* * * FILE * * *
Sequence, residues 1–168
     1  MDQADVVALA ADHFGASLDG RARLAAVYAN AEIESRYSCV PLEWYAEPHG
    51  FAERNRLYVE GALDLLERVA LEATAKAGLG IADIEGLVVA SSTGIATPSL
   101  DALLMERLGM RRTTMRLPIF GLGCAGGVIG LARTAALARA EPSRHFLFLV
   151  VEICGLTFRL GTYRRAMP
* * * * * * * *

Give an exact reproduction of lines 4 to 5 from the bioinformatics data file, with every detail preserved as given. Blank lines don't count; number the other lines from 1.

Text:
   101  DALLMERLGM RRTTMRLPIF GLGCAGGVIG LARTAALARA EPSRHFLFLV
   151  VEICGLTFRL GTYRRAMP